Effect of Neoadjuvant Chemotherapy Followed by Surgical Resection on Survival in Patients With Limited Metastatic Gastric or Gastroesophageal Junction Cancer: The AIO-FLOT3 Trial | Esophageal Cancer | JAMA Oncology | JAMA Network
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Figure 1.  CONSORT Diagram
CONSORT Diagram
Figure 2.  Survival Analyses
Survival Analyses

Kaplan-Meier analysis of progression-free survival (A) and overall survival (B) in patients with resectable (arm A), limited metastatic (arm B), or extensive metastatic (arm C) disease as well as progression-free survival (C) and overall survival (D) in patients with limited metastatic disease (arm B) who underwent surgery and no surgery. Crosshatching indicates censored data.

Table 1.  Median Overall Survival and Progression-Free Survival by Arm
Median Overall Survival and Progression-Free Survival by Arm
Table 2.  Response Rates According to RECIST for Patients With Limited (Arm B) and Extensive (Arm C) Metastatic Disease
Response Rates According to RECIST for Patients With Limited (Arm B) and Extensive (Arm C) Metastatic Disease
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clinicaltrials.gov. Chemotherapy Alone vs. Chemotherapy + Surgical Resection in Patients With Limited-metastatic Adenocarcinoma of the Stomach or Esophagogastric Junction (FLOT5). NCT02578368. https://clinicaltrials.gov/ct2/show/NCT02578368. Accessed March 24, 2017.
Original Investigation
September 2017

Effect of Neoadjuvant Chemotherapy Followed by Surgical Resection on Survival in Patients With Limited Metastatic Gastric or Gastroesophageal Junction Cancer: The AIO-FLOT3 Trial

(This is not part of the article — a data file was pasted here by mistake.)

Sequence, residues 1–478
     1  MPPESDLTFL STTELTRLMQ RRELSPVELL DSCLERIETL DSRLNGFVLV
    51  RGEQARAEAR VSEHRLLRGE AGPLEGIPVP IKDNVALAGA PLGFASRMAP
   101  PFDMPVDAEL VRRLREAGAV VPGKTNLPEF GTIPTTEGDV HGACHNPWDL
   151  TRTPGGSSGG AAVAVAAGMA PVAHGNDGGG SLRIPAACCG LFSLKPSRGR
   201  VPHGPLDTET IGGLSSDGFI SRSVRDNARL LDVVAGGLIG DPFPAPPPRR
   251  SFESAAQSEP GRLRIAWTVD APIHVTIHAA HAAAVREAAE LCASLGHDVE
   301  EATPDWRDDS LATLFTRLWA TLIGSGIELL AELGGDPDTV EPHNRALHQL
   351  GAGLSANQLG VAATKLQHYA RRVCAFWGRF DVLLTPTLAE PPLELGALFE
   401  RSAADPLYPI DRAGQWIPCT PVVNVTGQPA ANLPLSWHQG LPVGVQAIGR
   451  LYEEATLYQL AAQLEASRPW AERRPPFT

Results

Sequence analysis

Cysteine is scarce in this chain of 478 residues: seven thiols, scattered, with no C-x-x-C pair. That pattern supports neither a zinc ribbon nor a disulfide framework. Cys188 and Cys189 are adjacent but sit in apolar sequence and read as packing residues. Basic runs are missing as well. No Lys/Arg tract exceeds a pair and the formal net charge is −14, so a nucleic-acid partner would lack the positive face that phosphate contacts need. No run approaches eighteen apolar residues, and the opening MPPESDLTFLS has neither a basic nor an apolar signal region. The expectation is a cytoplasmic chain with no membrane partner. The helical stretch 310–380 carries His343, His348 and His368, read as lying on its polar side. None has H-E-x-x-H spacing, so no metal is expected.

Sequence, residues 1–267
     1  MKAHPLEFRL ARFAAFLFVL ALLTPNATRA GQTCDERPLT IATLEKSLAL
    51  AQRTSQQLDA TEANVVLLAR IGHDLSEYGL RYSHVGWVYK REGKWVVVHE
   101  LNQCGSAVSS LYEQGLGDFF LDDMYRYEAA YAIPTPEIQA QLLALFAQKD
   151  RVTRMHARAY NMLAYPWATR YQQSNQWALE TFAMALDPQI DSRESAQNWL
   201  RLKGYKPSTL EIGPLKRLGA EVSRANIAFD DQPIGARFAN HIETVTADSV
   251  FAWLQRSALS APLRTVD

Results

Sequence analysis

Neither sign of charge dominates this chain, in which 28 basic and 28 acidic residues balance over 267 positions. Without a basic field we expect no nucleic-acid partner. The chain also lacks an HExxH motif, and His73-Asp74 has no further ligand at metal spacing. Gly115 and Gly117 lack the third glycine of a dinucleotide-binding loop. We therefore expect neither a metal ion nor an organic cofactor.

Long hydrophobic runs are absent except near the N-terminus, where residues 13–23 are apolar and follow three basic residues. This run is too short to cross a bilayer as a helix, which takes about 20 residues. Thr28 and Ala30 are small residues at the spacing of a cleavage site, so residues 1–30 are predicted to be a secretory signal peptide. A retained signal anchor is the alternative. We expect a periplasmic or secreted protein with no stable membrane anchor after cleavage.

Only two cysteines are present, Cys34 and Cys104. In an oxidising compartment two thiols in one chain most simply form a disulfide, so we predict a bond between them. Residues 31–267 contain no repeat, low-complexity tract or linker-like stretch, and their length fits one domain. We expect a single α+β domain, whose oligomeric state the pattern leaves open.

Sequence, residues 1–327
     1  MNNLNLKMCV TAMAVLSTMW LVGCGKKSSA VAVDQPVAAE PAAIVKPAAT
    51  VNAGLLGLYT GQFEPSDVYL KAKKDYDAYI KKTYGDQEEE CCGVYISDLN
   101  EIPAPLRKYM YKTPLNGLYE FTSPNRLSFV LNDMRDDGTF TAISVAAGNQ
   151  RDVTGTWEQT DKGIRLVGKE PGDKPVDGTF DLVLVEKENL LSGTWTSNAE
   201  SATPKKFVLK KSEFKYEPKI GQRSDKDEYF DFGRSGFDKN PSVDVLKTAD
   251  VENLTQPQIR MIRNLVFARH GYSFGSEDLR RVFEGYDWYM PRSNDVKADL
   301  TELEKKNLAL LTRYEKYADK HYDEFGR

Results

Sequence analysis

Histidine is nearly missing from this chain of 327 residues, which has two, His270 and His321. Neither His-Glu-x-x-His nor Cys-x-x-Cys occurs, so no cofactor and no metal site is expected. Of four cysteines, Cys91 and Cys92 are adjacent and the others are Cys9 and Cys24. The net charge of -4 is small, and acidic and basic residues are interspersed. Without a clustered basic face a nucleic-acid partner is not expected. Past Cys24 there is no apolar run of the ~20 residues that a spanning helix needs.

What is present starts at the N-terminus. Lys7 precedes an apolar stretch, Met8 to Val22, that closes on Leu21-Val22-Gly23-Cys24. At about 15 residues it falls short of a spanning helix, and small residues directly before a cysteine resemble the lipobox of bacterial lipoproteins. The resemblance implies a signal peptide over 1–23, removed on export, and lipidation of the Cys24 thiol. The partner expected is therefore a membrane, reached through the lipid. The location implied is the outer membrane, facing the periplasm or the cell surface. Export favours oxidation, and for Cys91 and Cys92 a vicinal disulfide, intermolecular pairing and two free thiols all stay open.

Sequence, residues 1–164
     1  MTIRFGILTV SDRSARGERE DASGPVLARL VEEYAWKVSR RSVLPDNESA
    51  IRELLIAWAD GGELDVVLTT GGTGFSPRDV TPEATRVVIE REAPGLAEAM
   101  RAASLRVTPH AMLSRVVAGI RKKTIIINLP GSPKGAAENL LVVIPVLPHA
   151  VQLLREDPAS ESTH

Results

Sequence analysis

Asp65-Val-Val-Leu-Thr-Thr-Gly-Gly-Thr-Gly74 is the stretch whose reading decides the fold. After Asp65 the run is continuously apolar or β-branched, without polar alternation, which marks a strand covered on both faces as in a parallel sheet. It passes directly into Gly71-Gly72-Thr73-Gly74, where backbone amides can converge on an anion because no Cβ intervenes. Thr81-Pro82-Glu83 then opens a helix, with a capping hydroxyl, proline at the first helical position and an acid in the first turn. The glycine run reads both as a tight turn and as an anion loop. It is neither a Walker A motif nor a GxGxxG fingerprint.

Author Affiliations
  • 1Institute of Clinical Cancer Research, Krankenhaus Nordwest, Universitären Centrum für Tumorerkrankungen-University Cancer Center, Frankfurt, Germany
  • 2Medical Department II, Klinikum Wolfsburg, Wolfsburg, Germany
  • 3Medical Department I, Universitätsklinikum Freiburg, Freiburg, Germany
  • 4now with Clinic for Hematology, Oncology, and Palliative Care, Klinikum Stuttgart, Kriegsbergstraße, Stuttgart, Germany
  • 5Medical Department III, SLK-Kliniken GmbH, Heilbronn, Germany
  • 6Medical Clinic and Polyclinic, Universitätsklinikum Carl Gustav Carus, Dresden, Germany
  • 7now with Institute for Clinical Genetics, Bonn, Germany
  • 8Medical Department II, Universitätsklinikum Jena, Jena, Germany
  • 9now with Medical Department IV, Krankenhaus Dresden-Friedrichstadt, Dresden, Germany
  • 10Medical Department I Hematology/Oncology, Universitätsklinikum Schleswig-Holstein, Lübeck, Germany
  • 11Medical Department I, Klinikum Ludwigsburg, Ludwigsburg, Germany
  • 12now with Medical Department II, Asklepios Klinik Altona, Hamburg, Germany
  • 13Medical Department, Ortenau Klinikum Lahr, Lahr, Germany
  • 14Department of Hematology and Oncology, Klinikum Bielefeld, Bielefeld, Germany
  • 15Medical Department III, Zentralklinikum Augsburg, Augsburg, Germany
  • 16Medical Department I, Universitätsklinik Mainz, Mainz, Germany
  • 17Medical Department II, Klinikum Aschaffenburg, Aschaffenburg, Germany
  • 18Medical Department II, Universitätsklinikum der Eberhard-Karl-Universität, Tübingen, Germany
  • 19now with Clinic for Hematology, Oncology, and Immunology, Franziskus Hospital Bielefeld, Bielefeld, Germany
  • 20now with Gemeinschaftspraxis, Friedrichshafen, Germany
  • 21Tumorclinic, Klinikum Fulda, Fulda, Germany
  • 22MediProjekt, Gesellschaft für Medizinstatistik und Projektentwicklung, Hannover, Germany
  • 23Clinic and Polyclinic for Internal Medicine IV, Universitätsklinikum Halle, Halle, Germany
  • 24now with CUF Hospitals Cancer Centre, Lisboa, Portugal
  • 25Department of Surgery, Krankenhaus Nordwest, Frankfurt, Germany
  • 26Medical Department, Universitätsmedizin Mannheim, Mannheim, Germany
  • 27Department of Oncology and Hematology, Krankenhaus Nordwest, Frankfurt, Germany
  • 28Department of General and Visceral Surgery, University Hospital Frankfurt, Frankfurt, Germany
  • 29Department of General and Visceral Surgery, Universitätsklinik Köln, Köln, Germany
JAMA Oncol. 2017;3(9):1237-1244. doi:10.1001/jamaoncol.2017.0515
Key Points

Question  Is there a survival benefit for patients with limited metastatic gastric or gastroesophageal junction cancer who receive neoadjuvant chemotherapy followed by surgical resection?